[11]            Extracts from Interesting Letters, Zion’s Watch Tower¸ January 1886, pages 1-2.
[12]            C. T. Russell: View from the Tower, Zion’s Watch Tower, July 1882, page 1.
[13]            Journal of the Thirty-Fifth Annual Convention of the Protestant Episcopal Church, in the Diocese of Mississippi, Jackson, Mississippi, 1861, page 4. Twenty-First Convention proceedings, page 39. General Convention proceedings, 1838, pages 191, 272.
[14]            N. F. Carter: The Native Ministry of New Hampshire, page 70.
[15]            C. T. Russell: View from the Tower, Zion’s Watch Tower, March 1883, page 2. [Not in reprints.]
[16]            C. T. Russell: View from the Tower, Zion’s Watch Tower¸ July 1883, page 1. [Not in reprints.]
[17]            Interesting Letters, Zion’s Watch Tower, August 1883, page 3. [Not in reprints.]
[18]            Extracts of Letters, Zion’s Watch Tower, February 1884, pages 1-2. [Not in reprints.]
[19]            Benjamin F. Fuller: History of Texas Baptists, Baptist Book Concern, Louisville, Tennessee, 1900, Pages 224-227.
[20]            Page 108.
[21]            Family history notes hosted on Rootsweb.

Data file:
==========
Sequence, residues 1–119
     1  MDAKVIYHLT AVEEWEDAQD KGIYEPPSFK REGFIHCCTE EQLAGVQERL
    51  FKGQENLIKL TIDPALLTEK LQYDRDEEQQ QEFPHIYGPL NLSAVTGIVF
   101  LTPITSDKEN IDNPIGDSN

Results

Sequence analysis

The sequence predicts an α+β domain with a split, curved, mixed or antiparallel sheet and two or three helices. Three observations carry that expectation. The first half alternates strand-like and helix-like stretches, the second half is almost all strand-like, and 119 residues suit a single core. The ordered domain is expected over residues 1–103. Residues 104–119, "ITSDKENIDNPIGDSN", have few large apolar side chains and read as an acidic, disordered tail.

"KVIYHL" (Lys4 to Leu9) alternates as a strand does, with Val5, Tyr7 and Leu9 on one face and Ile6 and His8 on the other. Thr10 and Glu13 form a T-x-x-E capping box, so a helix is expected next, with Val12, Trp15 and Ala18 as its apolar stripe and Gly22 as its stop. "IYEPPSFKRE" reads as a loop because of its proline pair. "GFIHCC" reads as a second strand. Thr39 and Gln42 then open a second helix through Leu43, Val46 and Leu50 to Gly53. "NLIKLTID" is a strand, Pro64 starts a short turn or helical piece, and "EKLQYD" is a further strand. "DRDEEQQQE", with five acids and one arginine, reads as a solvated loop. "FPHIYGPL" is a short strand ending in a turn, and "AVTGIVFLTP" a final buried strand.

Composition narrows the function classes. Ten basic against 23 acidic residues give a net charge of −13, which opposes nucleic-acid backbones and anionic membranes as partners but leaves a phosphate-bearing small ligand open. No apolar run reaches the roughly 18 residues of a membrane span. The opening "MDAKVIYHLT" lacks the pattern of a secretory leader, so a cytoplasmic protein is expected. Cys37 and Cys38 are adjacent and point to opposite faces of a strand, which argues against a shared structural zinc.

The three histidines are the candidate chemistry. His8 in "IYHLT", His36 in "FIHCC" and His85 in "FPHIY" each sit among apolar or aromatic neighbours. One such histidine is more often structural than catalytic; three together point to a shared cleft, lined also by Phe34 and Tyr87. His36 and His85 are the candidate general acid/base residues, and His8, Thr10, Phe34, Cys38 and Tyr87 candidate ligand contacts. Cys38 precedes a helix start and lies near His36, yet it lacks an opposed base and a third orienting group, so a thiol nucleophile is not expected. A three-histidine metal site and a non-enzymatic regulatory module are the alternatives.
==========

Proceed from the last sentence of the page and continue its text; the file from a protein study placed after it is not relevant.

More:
[22]            J. W. Brite: In Memoriam, The World’s Hope, February 15, 1892, page 61.
[23]            Westcott Obituary, The Potsdam, New York, Courier-Freeman, January 20, 1892.
[24]            Letter from C. T. Russell to Mrs. H. F. Duke dated October 3, 1901. Later letter mentioned above is dated November 2, 1901.
[25]            County and Vicinity New, The Glens Falls, New York Morning Star, September 26, 1903; Hague, Morning Star, April 3, 1903 and May 9, 1903; Untitled article in The Warrensburgh, New York, News, May 9, 1907.
[26]            M. F. Russell: Inquiries Answered, Zion’s Watch Tower, February 1882, page 6.
[27]            W. D. Williams to Editor Saint Paul Enterprise found in the July 4, 1916, issue. Family Puzzlers, a genealogy paper, suggests (Nos. 585-636) that Williams was born William R. Davis, Jr. It is claimed that he was a lawyer in South Carolina sometime between 1870 and 1880, and that he killed a man. He subsequently moved to Florida changing his name to William Davis Williams. We cannot verify any of that.
[28]            W. D. Williams to Editor, Saint Paul Enterprise found in the July 4, 1916, issue. Unless otherwise noted, this material all comes from his letter.
[29]            C. T. Russell: View from the Tower, Zion’s Watch Tower, July 1883, page 1.